The economy may have posted the weakest set of employment figures on record – with the worst yet to come – but financial markets still see Australia as a “good bet,” Scott Morrison says.
The prime minister’s comment came after Friday’s national cabinet meeting, which was briefed by the Treasury secretary Steven Kennedy, Reserve Bank governor Philip Lowe and the Australian Prudential Regulation Authority (APRA) chair Wayne Byres.
“It was an opportunity, an important one, to be briefed fully on yesterday’s unemployment figures and how it was impacting across the country,” Mr Morrison told reporters in Canberra on Friday.
The meeting was told stability has returned to financial markets and that they remain “very functional”, while the banking system has stood up well.
“It’s essential that as we move forward, that we continue to enable the credit to flow through our banking system, to support those businesses who are taking decisions to reopen, to rehire, and to move ahead,” Mr Morrison said.
He said there has been some $220 billion in loan deferrals granted by the banks while the superannuation system is responding well to the ability of people to make an early withdrawal from their accounts during the crisis with some $11.7 billion in claims so far.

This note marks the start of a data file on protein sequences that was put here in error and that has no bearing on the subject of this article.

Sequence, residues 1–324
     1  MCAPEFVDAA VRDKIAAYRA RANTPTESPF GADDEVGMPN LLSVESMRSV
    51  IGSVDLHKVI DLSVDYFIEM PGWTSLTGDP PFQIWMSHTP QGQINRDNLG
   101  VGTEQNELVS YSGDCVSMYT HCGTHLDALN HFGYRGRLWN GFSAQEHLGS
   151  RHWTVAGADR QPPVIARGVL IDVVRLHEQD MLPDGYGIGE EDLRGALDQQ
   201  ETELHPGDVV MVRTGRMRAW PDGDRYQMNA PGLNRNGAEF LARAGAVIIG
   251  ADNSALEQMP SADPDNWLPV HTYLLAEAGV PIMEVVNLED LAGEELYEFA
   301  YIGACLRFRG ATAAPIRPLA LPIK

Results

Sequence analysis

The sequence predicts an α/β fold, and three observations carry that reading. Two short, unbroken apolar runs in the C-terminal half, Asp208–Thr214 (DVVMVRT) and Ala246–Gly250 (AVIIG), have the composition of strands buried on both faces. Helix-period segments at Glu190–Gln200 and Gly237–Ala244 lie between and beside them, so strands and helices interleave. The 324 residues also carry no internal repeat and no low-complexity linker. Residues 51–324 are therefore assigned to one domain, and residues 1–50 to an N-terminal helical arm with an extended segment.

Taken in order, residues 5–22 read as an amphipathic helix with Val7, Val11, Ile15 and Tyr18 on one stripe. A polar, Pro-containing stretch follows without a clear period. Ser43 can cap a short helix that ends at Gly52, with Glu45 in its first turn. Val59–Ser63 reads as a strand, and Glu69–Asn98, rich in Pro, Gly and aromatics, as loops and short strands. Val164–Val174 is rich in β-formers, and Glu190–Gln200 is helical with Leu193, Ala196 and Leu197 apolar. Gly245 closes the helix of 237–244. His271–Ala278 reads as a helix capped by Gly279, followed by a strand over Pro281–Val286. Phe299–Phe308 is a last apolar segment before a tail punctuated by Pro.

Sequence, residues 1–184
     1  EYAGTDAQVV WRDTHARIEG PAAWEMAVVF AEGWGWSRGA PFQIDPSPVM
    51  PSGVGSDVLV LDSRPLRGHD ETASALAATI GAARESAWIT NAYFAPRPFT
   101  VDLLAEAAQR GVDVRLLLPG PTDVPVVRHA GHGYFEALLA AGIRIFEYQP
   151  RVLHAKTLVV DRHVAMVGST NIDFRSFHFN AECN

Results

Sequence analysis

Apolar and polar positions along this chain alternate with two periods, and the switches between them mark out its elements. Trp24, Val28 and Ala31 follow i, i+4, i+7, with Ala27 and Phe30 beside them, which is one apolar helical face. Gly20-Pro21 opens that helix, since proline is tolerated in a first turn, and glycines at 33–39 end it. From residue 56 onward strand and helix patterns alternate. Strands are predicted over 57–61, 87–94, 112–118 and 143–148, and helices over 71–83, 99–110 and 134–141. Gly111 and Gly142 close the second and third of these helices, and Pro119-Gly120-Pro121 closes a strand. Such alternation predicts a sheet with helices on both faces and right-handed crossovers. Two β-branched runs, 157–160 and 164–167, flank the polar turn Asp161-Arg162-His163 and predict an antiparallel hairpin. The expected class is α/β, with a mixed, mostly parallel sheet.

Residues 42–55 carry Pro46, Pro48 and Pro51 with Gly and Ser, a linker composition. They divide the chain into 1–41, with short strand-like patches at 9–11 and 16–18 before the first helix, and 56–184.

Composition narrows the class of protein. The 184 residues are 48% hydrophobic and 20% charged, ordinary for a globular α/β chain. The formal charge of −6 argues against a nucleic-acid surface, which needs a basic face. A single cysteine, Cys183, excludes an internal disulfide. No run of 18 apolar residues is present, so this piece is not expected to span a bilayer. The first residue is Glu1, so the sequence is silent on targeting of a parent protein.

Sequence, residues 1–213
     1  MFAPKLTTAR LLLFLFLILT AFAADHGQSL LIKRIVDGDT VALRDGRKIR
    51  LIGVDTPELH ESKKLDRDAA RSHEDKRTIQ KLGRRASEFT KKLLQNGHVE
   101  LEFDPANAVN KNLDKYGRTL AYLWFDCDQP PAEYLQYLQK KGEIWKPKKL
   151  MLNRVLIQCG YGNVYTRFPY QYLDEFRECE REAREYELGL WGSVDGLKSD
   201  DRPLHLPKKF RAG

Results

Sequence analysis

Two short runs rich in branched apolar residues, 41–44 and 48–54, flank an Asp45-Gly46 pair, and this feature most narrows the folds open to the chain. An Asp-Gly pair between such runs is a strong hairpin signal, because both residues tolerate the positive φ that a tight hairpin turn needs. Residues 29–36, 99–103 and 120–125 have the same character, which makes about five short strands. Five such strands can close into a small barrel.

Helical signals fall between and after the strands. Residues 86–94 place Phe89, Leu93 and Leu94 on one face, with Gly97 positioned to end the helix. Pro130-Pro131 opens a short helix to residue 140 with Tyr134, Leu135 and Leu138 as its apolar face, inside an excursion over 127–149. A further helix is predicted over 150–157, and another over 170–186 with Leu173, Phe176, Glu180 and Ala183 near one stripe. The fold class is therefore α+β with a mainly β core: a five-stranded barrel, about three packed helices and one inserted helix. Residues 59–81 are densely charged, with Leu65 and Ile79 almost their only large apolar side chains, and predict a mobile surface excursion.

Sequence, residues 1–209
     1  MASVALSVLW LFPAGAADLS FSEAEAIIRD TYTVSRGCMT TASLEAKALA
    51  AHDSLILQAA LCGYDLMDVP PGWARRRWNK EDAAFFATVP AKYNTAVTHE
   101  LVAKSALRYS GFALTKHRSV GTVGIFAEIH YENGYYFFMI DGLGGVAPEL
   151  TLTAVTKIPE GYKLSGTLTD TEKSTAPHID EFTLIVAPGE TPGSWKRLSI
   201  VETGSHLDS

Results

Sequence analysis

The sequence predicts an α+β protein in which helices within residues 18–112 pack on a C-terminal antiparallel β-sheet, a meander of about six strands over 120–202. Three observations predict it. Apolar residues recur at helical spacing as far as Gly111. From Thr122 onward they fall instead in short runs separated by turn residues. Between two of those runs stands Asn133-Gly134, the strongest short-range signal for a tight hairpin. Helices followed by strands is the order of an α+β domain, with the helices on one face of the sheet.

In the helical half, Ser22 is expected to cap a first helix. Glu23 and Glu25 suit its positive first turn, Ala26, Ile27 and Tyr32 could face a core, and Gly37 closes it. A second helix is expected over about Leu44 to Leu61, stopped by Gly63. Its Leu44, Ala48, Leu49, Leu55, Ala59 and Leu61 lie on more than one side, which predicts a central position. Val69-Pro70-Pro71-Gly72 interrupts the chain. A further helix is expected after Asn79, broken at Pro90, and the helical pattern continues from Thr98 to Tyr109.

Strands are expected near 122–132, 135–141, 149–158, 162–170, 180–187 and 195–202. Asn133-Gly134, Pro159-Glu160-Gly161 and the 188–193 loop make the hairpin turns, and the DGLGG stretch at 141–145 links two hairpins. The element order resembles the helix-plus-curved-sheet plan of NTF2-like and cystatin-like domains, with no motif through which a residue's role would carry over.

The government has also had to raise debt to $90.1 billion through government bonds and Treasury notes since March 20 – $19 billion in the past week which was again oversubscribed.
“Markets are seeing that Australia is a country that can be relied upon, and that is a good bet in what is a very uncertain time,” Mr Morrison said.
“Our ability to raise this finance in such a difficult time is essential to ensure that we can continue to provide those necessary economic supports.”
The government has spent some $320 billion in an attempt to shield the economy through the pandemic.
The $130 billion JobKeeper scheme has already benefited some 6.1 million Australians, while the revamped JobSeeker program – formerly known as Newstart – is supporting a further 1.6 million people.
The government is due to review these programs at the end of June, which has led to speculation they may not last the legislated six months.
But Mr Morrison pointed out the programs have only been running seven weeks.
“It is very premature, I think, to be making judgements about what possible changes might be made.”
The economic damage caused by coronavirus finally hit home when Thursday’s monthly jobs figures showed nearly 600,000 people were laid off in April.
It was by far the biggest number lost in one month on record, the previous being a relatively modest 75,000.
The unemployment rate also recorded its biggest one-month jump on record, spiking to 6.2 per cent from 5.2 per cent in March.
Mr Morrison said Treasury is sticking with its forecast for the jobless rate to hit 10 per cent in the June quarter, which will be the highest since the aftermath of the early 1990s recession.